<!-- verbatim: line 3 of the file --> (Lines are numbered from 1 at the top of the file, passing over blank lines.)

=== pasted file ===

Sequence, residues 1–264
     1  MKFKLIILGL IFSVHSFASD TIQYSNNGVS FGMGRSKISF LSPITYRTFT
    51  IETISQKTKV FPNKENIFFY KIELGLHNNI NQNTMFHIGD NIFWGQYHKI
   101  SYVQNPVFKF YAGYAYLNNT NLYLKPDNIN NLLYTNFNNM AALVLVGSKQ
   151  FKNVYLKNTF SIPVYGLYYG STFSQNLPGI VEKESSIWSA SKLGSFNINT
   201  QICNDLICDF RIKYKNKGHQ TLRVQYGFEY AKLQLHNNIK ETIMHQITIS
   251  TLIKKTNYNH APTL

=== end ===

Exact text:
    51  IETISQKTKV FPNKENIFFY KIELGLHNNI NQNTMFHIGD NIFWGQYHKI